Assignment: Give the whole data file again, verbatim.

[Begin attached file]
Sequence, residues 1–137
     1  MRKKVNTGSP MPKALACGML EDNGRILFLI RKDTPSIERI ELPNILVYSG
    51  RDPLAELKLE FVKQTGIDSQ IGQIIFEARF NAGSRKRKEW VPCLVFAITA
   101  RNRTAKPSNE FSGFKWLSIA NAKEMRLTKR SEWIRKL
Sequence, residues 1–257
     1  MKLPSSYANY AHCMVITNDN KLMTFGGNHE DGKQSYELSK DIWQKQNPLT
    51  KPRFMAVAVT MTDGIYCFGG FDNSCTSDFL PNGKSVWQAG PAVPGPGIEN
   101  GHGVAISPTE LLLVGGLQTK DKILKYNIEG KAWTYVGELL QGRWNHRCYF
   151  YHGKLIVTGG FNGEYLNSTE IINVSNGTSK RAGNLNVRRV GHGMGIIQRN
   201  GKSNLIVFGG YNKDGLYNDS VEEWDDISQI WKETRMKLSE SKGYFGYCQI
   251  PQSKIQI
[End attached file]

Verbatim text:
Sequence, residues 1–137
     1  MRKKVNTGSP MPKALACGML EDNGRILFLI RKDTPSIERI ELPNILVYSG
    51  RDPLAELKLE FVKQTGIDSQ IGQIIFEARF NAGSRKRKEW VPCLVFAITA
   101  RNRTAKPSNE FSGFKWLSIA NAKEMRLTKR SEWIRKL
Sequence, residues 1–257
     1  MKLPSSYANY AHCMVITNDN KLMTFGGNHE DGKQSYELSK DIWQKQNPLT
    51  KPRFMAVAVT MTDGIYCFGG FDNSCTSDFL PNGKSVWQAG PAVPGPGIEN
   101  GHGVAISPTE LLLVGGLQTK DKILKYNIEG KAWTYVGELL QGRWNHRCYF
   151  YHGKLIVTGG FNGEYLNSTE IINVSNGTSK RAGNLNVRRV GHGMGIIQRN
   201  GKSNLIVFGG YNKDGLYNDS VEEWDDISQI WKETRMKLSE SKGYFGYCQI
   251  PQSKIQI